£6 / £4 Member / £4 Concession
Mauritanian filmmaker Med Hondo’s Soleil Ô (Oh, Sun), 1970 is a critique of Western capitalism, anti-Blackness and the socio-political conditions that migrants face.
Combining faux-documentary, animation and comedy, the film tells the story of a man who moves to Paris. He is hopeful that he will find a better life in the city but soon realises that this is not the case. He experiences unemployment, bad living conditions, racism, capitalism and complicated immigration laws.
Hondo was an untrained director, working with no financing, mainly on weekends, with untrained actors. This experimental masterpiece, made over three years, is as relevant today as it was in the 1970s.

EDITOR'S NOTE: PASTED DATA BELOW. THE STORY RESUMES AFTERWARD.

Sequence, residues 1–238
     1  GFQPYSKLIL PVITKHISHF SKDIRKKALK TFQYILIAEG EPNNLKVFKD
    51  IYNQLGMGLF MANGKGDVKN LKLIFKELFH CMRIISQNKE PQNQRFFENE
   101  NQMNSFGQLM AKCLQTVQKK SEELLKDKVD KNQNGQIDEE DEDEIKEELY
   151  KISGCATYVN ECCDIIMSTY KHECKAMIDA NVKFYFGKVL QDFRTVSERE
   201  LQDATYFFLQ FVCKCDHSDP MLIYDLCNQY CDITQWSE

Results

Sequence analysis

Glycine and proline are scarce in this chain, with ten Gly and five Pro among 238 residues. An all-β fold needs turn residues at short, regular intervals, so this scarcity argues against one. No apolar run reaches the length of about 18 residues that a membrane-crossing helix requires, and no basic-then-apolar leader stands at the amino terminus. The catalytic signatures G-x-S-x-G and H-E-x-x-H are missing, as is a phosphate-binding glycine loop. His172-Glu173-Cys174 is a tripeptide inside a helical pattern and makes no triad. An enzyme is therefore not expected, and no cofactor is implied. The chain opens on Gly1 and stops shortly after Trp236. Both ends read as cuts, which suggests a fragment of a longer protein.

The movie is not only a bitter firsthand analysis of economic migration but also a similarly cutting critique of systemic white supremacy. – J. Hoberman, The New York Times
The film was restored in 2017 by Martin Scorsese’s World Cinema Foundation.
The film will be shown in French with English subtitles.
Please arrive promptly for a 7pm start.
ABOUT SOUTH BY SOUTH
South by South is a quarterly film screening at the South London Gallery. The programme, which is now in its thirteenth year, focuses on presenting cinema from Africa and the diaspora to audiences in the UK. South by South is programmed by Awa Konaté.
- Room will be dark
- The film is captioned.
- Run time is 1hr 40 mins
- Wheelchair access and accessible toilets are available at this site.
- Please contact firstname.lastname@example.org with any additional access requirements or questions.